Column: How consumers can cut their grocery billsYahoo! Personal Finance
Tuesday May 13, 5:15 pm ET
By Anne D'Innocenzio, AP Business Writer
Strategic shopping can help consumers lower their supermarket bills despite soaring prices Q. The price of milk, rice and other food basics is soaring. How can I reduce my grocery bill while still providing my family with nutritious food?
A. With staples like milk now selling for almost $4 a gallon and the price of eggs at more than $2 per dozen, Americans' household budgets are being squeezed. And some analysts predict food inflation could double this year, lifted by the rising costs of fuel, corn and soybeans. But families can take steps to limit the impact of higher prices.
"Overall, you can control what you spend even in an environment where food prices are escalating fast," said Goutam Challagalla, associate dean and associate professor of marketing at Georgia Institute of Technology. "You can save without sacrificing quality."
First, Challagalla and other experts recommend that consumers make a list of food items the family needs before they go shopping and stick to it. Walking aimlessly up and down the aisles will encourage shoppers to pick up extra items like cookies and other munchies.
It's also a bad idea to go shopping when you're hungry. Consumers tend to be more impulsive, and pick up unnecessary items when they're shopping on an empty stomach.
Here are more tips to keep your food budget in check:
-- Buy store brands. The quality of store branded food items has improved dramatically in recent years, and many now compete with major national labels, according to Tod Marks, senior editor at Consumer Reports magazine. Some consumers may want to stick with name brand detergents or soaps, for example, but buying store brands for a broad array of products from fruit cups to cereals and pastas can save anywhere from 20 percent to 50 percent, Marks said.
-- Evaluate unit prices. Buying in bulk is traditionally more economically, but that's not always the case, Marks says. So he and other experts recommend shoppers look at the item's cost per unit, which is found on the shelf sticker next to the item. Marks added that when items go on sale, shoppers should always compare the cost per unit on both the big and small packages to see which is a better deal.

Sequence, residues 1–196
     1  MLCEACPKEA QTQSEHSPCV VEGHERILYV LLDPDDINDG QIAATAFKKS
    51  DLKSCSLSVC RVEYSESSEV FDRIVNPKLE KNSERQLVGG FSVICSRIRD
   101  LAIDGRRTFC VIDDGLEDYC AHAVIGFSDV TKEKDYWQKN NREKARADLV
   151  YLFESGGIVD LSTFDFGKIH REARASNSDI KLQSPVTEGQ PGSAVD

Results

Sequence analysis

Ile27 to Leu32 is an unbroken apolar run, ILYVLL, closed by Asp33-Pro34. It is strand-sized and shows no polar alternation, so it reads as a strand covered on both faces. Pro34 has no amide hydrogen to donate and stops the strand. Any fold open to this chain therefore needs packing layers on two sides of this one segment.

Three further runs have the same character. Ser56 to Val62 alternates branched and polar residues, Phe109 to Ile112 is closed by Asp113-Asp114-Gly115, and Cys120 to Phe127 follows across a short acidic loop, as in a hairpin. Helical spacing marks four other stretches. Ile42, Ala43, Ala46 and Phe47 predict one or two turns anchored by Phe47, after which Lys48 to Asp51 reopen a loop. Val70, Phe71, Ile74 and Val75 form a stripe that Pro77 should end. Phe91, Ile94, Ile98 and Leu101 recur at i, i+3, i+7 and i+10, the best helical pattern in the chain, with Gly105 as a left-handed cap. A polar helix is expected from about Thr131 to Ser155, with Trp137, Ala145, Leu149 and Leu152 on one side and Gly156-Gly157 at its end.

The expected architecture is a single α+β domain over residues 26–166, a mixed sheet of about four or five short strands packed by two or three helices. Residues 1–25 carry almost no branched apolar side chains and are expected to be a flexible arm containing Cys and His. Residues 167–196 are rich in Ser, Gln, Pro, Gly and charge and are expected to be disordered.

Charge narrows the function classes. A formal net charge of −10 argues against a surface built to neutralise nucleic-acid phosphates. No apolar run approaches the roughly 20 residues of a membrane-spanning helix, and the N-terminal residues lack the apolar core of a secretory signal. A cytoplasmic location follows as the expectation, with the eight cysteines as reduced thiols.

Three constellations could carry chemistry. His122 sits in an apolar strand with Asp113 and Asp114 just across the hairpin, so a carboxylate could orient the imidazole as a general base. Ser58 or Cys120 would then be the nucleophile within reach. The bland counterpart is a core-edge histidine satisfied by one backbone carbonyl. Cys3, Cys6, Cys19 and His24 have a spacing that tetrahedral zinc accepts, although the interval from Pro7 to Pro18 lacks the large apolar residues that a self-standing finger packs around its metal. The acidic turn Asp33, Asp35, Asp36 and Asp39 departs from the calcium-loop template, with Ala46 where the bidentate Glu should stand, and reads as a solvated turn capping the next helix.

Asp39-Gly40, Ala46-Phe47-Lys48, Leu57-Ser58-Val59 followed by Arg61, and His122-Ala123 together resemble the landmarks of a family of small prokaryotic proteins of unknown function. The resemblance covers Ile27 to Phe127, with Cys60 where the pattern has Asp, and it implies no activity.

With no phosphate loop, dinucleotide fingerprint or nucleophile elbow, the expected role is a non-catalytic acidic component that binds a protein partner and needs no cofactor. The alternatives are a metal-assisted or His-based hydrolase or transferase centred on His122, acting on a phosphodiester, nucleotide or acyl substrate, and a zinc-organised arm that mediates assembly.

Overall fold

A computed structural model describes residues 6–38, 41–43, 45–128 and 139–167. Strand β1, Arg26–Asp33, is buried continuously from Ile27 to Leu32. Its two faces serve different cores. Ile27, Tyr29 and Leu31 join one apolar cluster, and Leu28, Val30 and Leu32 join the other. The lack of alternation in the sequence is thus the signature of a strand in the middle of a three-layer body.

But experts also say shoppers should keep in mind how much their families are going to consume. It's not economical to buy a big bag of fruit if it's going to end up rotting in the refrigerator.
-- Compare prices of the same product in different areas of the store. "Where things are placed in a store can make a big difference," says Challagalla. For example, cheese is often cheaper in the dairy aisle than the deli because shoppers have to pay extra for it to be sliced.
-- Clip coupons. Shoppers should look through circulars for special deals, but Marks warns them not to assume that all items in a supermarket's weekly flyer are on sale. He noted that manufacturers could have paid to have the item featured.
-- Obtain a store card. These loyalty cards allow shoppers to get extra discounts on items without having to clip coupons.
-- Consider frozen foods. Frozen peas, fish and other items are cheaper than fresh because they have a longer shelf life.
"Anything that is perishable, shoppers are going to have to pay higher prices because stores have to build it into their (profit) margins," said Challagalla.
-- Ignore precut fruit or vegetables or other prepped items. While it's nice to have that pineapple cut up in chunks, that extra convenience costs money.
-- Avoid items displayed at the checkout counter. Stores feature single serving pies, cans of soda and other items at the checkout that are often more expensive, but can be tempting to shoppers, particularly hungry ones, Marks said.
On the Web: